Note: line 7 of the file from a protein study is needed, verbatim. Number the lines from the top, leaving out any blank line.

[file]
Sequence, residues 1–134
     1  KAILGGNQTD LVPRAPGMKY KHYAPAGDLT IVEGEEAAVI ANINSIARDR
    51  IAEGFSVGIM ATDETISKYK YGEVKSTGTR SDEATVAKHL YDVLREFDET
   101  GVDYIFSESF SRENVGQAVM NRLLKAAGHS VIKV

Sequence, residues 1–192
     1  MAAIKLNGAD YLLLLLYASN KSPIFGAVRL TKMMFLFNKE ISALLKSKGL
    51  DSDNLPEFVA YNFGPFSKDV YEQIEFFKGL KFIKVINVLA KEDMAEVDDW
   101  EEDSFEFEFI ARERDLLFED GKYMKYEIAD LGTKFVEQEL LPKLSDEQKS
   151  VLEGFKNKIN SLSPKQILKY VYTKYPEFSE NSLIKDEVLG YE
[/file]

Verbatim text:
    51  DSDNLPEFVA YNFGPFSKDV YEQIEFFKGL KFIKVINVLA KEDMAEVDDW